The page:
Raymond Lam did a fine interview with poet Ramya Jirasinghe recently, entitled "Tensions Between Literary Creation and Buddhist Practice" which I read with interest because it's centered on the questions of Buddhist poetry in the Theravada tradition and why it can seem so slow to see any significant output from our community.
Ramya Jirasinghe works as deputy director at the United States – Sri Lanka Fulbright Commission. She’s completing a PhD, and her first book of poetry was There's an Island in the Bone (2012). You can read some examples of her poetry at Poem Pigeon.
While I'm still processing all of her remarks, I think she raises worthwhile questions that have application in our own efforts to encourage Lao American poetry. She remarks "At the deepest level of Theravada Buddhist practice, where you are working at letting go of attachment to death and rebirth, I find that the modern process of artistic creation that is usually so inextricably linked to the self and the identity of the creator does not complement the practice."
I'm not certain how many of our Lao American writers, particularly our emerging writers give that matter much consideration, but it would be interesting if that is something that's subconsciously holding back many in our community.
For her: "A writer who is embedded in the real Theravada practice would be driven less by the artistic ego and more by the forces of equanimity, kindness, and generosity and will be able to create a space to nurture and encourage others’ writing and growth.”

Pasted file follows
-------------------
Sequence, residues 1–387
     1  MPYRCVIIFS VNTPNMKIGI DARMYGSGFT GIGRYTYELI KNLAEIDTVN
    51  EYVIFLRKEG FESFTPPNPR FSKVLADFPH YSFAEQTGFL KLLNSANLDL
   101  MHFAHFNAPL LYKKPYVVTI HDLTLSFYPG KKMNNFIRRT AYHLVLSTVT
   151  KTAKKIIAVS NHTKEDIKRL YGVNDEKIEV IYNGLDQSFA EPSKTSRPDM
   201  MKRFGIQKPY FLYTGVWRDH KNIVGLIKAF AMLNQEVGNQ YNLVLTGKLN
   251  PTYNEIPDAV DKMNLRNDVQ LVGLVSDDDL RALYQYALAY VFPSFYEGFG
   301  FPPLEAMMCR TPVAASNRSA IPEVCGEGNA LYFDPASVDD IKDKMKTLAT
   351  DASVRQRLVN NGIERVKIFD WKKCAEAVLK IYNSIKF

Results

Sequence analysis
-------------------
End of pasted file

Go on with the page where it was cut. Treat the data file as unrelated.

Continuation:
This is something that I might find resonance with in my own work and the work of my fellow writers in the Lao American Writers Summit, and seems to fall in line with a growing tendency to advise one another to work with others in the process of telling our various stories, to see writing a community process.
Modernity often convinces us to emulate the stereotype of Hemmingway or other rugged individualists who we're taught hammered it all out on their own in solitude. But in real life, most plays, movies, TV shows, comic books, and so many other things are created in a community or small group process, and I think Lao writers can't be shy about pursuing this route, even in our poetry.
There are many interesting ideas that she puts forward, but near the end her remarks on Sri Lankan history make me think of parallels in the Lao experience, as well: “In Sri Lanka, we have been fighting wars for centuries over what conditions us: national, ethnic, religious, and social identities. It would be interesting if writers could in some way incorporate the concepts of anicca [impermanence] and anatta [no-self] into their work. The challenge, however, is to not sound didactic! I think many of our filmmakers have been maestros at incorporating a very Buddhist ethos in their work. I think it is harder to achieve that ethos verbally, without sounding ‘Buddhist.’ ”
I consider her remarks also through the lens of a speculative poet, wondering wherein a Buddhist approach to science fiction, fantasy and horror ties into everything, but that may well be a conversation for a different point. In the meantime, be sure to give the whole interview a read and see what you think.